In partnership with Creative Screenwriting and ScreenCraft, “First Draft” is a series on everything to do with screenwriting.
Hollywood has been obsessed with Intellectual Property (IP) for decades—but what are novice screenwriters supposed to do when the expectations of having attached IP are at an all-time high? Most screenwriters can’t afford to buy the rights to the latest hit book or graphic novel—so they must turn to the Public Domain.
The concept of pre-established content recognition in the public eye offers studio executives, marketing executives, and corporate shareholders a piece of mind. That obsession grew substantially after the one-two punch of the economy crisis and Writers Guild strike that both took place in 2007 and 2008. Multiple studio development deals that writers had for the development of original material were quickly dropped. Anything that was even a slight risk had to go. Studios have become even more risk averse as the ripple effect of those turbulent months is still felt a decade later.
Most award-winning dramas these days are direct adaptations of best-selling novels. Most blockbuster studio tentpoles are direct adaptations of comics and graphic novels. Most new screenwriting deals that you read about in the trades have some form of IP attached to them.
Films based on original ideas and original spec screenplays are few and far between.
While the market is in search of original material, such screenplays are usually used as calling cards for studio assignments for other projects.
So it goes without saying that having at least one screenplay with some form of IP attached increases your odds of actually getting it purchased and made. Whether it’s a character that everyone will know or based on a book whose author’s name most people will recognize, these types of scripts are necessary additions to have present in your deck of screenplays as you try to break through those Hollywood doors.
But unless you have hundreds of thousands of dollars to spare for the cinematic adaptation rights to current best-sellers and pop culture hits, you’re stuck in the mud.
Enter the Public Domain.
The Public Domain Explained
The Public Domain refers to properties that are available for anyone to utilize, thanks to copyright expiration, copyright loss due to loopholes and mistakes, death of the copyright owner, or failure for the copyright owner to file for the rights or extension to those rights.
According to Stanford University Libraries:
“Copyright has expired for all works published in the United States before 1923. In other words, if the work was published in the U.S. before January 1, 1923, you are free to use it in the U.S. without permission. As an example, the graphic illustration of the man with mustache (below) was published sometime in the 19th century and is in the public domain, so no permission was required to include it within this book. These rules and dates apply regardless of whether the work was created by an individual author, a group of authors, or an employee (a work made for hire).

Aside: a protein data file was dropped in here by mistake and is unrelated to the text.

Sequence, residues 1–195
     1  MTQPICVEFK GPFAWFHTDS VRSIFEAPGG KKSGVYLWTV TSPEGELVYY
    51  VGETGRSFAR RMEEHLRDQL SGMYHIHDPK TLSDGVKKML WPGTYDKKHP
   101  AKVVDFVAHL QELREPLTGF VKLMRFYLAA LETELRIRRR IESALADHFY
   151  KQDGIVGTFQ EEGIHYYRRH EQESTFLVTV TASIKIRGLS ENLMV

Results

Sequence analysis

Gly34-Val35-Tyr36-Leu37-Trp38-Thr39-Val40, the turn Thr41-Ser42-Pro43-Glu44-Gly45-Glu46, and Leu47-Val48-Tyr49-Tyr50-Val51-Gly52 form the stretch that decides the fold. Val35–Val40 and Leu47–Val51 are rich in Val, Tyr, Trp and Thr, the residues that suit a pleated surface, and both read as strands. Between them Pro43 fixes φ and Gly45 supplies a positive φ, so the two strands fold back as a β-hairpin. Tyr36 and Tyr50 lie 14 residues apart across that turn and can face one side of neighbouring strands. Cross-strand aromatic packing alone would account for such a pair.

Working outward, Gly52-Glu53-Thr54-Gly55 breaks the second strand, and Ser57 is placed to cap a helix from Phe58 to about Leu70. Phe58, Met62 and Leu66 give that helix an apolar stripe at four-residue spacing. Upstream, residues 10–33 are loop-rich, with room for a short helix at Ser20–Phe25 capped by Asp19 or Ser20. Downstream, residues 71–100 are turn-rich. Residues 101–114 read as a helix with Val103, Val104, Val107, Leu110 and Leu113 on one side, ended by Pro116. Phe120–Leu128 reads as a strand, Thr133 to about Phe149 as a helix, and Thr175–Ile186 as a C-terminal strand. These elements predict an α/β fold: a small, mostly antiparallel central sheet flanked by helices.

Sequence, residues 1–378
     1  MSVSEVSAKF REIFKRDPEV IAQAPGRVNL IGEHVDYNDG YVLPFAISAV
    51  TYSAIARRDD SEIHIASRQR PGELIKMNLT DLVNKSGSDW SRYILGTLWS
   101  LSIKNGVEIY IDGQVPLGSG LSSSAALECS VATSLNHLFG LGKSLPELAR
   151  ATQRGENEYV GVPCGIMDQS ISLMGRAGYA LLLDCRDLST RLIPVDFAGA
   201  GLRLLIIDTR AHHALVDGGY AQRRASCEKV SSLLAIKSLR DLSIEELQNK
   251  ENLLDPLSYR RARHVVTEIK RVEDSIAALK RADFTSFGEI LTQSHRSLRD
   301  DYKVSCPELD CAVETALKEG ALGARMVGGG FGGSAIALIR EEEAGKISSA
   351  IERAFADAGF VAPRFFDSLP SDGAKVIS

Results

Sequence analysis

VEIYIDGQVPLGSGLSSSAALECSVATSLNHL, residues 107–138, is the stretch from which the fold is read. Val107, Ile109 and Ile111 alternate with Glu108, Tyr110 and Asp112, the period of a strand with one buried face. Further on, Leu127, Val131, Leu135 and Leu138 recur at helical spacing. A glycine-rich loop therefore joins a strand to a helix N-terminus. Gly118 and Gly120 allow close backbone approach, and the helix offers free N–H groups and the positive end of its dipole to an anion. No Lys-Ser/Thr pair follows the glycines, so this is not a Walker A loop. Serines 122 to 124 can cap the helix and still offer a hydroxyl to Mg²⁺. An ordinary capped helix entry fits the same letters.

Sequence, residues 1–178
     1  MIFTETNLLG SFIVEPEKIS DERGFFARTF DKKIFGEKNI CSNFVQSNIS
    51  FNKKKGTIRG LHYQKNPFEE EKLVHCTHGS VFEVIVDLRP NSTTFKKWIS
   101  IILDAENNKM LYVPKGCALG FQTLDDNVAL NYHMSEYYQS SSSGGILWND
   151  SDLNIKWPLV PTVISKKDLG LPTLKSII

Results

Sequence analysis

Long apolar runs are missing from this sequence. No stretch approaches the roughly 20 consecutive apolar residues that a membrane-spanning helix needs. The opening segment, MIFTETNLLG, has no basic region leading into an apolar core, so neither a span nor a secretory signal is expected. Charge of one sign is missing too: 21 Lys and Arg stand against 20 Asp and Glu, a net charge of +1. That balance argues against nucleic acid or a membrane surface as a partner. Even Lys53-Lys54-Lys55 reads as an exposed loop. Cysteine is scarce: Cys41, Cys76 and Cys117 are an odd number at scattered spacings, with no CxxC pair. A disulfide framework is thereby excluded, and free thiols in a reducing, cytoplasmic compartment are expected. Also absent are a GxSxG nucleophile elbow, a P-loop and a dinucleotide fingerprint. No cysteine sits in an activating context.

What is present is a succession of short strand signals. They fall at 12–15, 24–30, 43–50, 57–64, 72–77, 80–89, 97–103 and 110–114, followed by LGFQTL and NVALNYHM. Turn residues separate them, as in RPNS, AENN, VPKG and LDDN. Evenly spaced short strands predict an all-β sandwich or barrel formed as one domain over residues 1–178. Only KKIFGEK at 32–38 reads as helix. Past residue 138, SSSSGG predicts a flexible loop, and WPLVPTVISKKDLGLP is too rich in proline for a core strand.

Because of legislation passed in 1998, no new works will fall into the public domain until 2019, when works published in 1923 will expire. In 2020, works published in 1924 will expire, and so on. For works published after 1977, if the work was written by a single author, the copyright will not expire until 70 years after the author’s death. If a work was written by several authors and published after 1977, it will not expire until 70 years after the last surviving author dies.”
It’s important to note that public domain characters and properties that screenwriters pursue have the danger of infringing on general trademarks from other interpretations of public domain content. While Norse mythology characters are obviously public domain, you can’t emulate Disney/Marvel’s Thor character trademarks from the comics and Marvel Cinematic Universe movies. You would have to tell your own, very unique and different version of the story and character. One that doesn’t infringe on Disney/Marvel’s trademarks that they’ve established.
So when it comes to the legalities of what you plan on doing with anything from the public domain, proceed with caution despite the general stipulation that the property is available.
What to Look for in a Public Domain Character or Property
There’s a cynical—but often true—saying in Hollywood, “Everything’s been done before.”
When you’re looking at the public domain, you’ll often see some rather familiar faces and stories. The point isn’t to just write your version of those stories that have already been told in novels, TV shows, and movies. Instead, you want to look at those properties through a different lens and find unique ways to use those characters and their stories.
You could focus on telling a story through a supporting character’s eyes. You could switch the genders of those iconic characters. You could pull the general story and characters out of the time period they were originally placed in and set them into present time or the future.
Whatever it takes to offer a unique approach that will raise the eyebrows of Hollywood—it’s up to you to find it.
With that in mind, we feature the hottest properties in the current public domain that screenwriters can go to in search of writing a script that is attached to those two magical words that Hollywood loves so much—Intellectual Property.